Figure 16: Hydrodynamic model mix layer flow of the SEC and EUC throughout the GMR for (a) March 2005, (b) November/December 2005, (c) June/July 2006, and (d) November 2006. Blue arrows represent the westward current, while the red arrows represent eastward current. The unit is m .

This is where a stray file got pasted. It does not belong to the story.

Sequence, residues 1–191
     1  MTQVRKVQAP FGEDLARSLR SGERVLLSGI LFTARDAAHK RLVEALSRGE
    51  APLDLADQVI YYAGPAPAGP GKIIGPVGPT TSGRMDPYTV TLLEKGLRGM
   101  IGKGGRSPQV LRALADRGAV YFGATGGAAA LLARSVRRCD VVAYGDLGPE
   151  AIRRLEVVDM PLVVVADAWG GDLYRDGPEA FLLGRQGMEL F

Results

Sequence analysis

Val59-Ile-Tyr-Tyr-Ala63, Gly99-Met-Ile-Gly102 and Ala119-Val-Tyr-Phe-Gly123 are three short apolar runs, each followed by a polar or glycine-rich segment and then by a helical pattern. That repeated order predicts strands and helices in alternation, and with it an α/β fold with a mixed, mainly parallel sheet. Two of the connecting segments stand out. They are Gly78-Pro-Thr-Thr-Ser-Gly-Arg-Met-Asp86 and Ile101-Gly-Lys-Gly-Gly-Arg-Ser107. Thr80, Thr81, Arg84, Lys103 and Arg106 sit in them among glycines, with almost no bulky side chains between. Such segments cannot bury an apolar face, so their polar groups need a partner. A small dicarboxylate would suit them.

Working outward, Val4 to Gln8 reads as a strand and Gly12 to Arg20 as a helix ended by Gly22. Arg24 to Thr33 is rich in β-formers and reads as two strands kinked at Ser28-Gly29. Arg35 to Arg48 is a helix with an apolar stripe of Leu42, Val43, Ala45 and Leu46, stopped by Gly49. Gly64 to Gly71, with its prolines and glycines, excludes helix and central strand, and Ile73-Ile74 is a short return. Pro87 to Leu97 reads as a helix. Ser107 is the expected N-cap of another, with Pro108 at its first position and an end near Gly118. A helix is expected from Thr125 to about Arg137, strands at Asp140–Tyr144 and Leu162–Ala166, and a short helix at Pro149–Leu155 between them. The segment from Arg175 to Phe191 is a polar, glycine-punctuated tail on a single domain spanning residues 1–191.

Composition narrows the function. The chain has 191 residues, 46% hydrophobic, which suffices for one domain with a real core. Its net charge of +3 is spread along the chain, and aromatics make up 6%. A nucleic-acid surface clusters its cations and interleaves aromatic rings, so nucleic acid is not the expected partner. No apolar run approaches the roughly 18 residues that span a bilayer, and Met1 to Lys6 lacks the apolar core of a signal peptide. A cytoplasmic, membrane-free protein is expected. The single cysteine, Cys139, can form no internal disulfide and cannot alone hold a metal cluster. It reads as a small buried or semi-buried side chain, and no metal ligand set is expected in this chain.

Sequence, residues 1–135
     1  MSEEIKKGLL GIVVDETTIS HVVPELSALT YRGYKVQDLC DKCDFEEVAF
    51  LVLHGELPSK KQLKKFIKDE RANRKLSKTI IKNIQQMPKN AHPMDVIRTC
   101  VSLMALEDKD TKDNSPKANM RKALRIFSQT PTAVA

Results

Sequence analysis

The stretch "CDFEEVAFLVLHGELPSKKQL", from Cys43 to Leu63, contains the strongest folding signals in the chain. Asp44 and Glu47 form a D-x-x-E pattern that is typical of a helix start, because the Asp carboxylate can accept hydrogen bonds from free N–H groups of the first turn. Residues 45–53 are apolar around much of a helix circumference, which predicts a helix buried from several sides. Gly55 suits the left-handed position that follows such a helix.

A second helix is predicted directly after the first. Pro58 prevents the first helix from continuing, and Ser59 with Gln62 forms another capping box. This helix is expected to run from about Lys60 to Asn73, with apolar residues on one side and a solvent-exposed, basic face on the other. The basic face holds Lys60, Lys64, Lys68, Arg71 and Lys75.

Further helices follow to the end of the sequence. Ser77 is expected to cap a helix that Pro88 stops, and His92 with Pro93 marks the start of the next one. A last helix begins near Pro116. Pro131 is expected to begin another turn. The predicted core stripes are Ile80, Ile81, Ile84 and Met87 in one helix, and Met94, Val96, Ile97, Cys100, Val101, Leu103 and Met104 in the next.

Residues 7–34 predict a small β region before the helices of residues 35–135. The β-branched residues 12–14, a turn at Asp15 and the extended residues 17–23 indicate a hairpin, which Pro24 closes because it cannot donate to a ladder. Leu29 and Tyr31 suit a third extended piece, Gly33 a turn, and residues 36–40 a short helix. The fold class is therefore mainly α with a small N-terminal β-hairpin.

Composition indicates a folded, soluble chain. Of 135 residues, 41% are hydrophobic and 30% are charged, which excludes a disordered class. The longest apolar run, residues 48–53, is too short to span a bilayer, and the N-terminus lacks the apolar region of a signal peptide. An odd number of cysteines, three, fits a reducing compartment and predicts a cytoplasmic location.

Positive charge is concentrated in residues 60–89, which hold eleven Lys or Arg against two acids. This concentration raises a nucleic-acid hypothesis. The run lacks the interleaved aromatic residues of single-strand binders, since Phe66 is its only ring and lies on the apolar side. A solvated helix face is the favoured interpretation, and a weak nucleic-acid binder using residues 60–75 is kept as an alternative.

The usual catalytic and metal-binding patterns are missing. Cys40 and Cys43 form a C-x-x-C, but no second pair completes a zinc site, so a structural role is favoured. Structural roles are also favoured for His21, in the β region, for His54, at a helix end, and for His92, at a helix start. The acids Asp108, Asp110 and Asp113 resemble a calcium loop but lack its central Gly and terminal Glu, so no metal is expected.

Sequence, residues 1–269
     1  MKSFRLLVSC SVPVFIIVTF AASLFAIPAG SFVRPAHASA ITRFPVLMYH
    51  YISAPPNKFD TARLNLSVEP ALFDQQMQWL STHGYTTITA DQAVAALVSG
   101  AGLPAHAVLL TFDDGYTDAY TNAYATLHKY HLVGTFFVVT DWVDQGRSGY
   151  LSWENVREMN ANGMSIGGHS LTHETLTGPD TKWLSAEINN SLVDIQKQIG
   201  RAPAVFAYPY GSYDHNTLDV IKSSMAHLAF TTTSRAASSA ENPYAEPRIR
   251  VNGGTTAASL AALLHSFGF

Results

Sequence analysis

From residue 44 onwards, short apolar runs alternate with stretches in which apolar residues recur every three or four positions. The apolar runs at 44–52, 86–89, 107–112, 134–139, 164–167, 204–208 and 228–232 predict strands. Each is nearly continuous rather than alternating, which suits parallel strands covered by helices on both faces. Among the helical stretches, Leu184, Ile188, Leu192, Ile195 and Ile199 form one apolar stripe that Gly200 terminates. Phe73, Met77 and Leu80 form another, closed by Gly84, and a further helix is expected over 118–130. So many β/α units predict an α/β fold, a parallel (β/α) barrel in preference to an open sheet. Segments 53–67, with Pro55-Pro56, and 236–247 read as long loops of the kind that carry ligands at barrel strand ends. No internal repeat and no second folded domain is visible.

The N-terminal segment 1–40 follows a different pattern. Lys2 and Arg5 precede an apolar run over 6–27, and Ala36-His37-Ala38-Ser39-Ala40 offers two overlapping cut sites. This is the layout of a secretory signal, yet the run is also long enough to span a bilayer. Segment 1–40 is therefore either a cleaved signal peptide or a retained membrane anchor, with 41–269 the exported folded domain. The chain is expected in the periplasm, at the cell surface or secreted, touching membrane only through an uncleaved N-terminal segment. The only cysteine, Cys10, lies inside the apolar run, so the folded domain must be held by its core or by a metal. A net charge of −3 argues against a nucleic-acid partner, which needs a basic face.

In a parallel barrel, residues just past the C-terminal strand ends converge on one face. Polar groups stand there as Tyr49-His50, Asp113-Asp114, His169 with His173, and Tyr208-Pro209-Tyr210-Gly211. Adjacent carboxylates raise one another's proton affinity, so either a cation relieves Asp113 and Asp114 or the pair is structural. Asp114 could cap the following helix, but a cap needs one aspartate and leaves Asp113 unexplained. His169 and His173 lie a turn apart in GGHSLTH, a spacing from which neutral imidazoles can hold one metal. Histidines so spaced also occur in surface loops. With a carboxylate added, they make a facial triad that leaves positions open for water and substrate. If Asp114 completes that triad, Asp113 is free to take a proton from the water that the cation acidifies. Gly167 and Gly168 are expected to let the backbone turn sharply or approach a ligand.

(b) November/December 2005. The November/December 2005 cruise occurred during a transition from the Garúa to the wet season with lessening of the southeast trades. The simulated mean SST was cooler than climatology by approximately −0.5°C during the transition, as seen from the ENSO anomaly (Figure 8, grey area). Figures 9(b) and 10(b) display the simulated and observed SST. Figures 11(b) and 12(b) display the simulated and observed sea surface salinity (SSS). Figure 13(b) displays the simulated mixed layer depth (MLD) to compare with the observed chlorophyll (Figure 14(a)) during November/December 2005. During this period, the modeled coldest (20°C, see Figure 9(b)) and saltiest (34.7, see Figure 11(b)) waters were found in the west of Isabella Island and north of Fernandina Island and corresponded with the largest upwelling zones found in late spring/early summer as the EUC strengthened. These features were consistent with the in situ T-S characteristics observed during this cruise period (see Figures 10(b) and 12(b)). Figure 13(b) shows that the MLD was slightly shallower in the west near the cooler, upwelling region. The warmest (25.0°C) and the freshest (33.7) waters were found in north of the Archipelago. The far northern region was characterized with warmer, fresher water and had the deepest MLD, and the other regions fell between the range of upwelling region and far north region. Both the SST and SSS distributions showed an east-to-west gradient associated with higher values of chlorophyll concentrations indicative of higher phytoplankton biomass. The maximum values of chlorophyll were found in west of Isabella Island, and the minimum chlorophyll concentrations were observed along the equator in the GMR (Figure 14(b)). Also, the shallowest MLD was simulated over cooler waters at depth (Figures 13(b) and 9(b)), another indication of strong upwelling. The modeled surface layer flow (Figure 15(b)) was completely dominated by the westward flow of the SEC throughout the GMR during this period. The EUC (Figure 16(b)) had weakened considerably.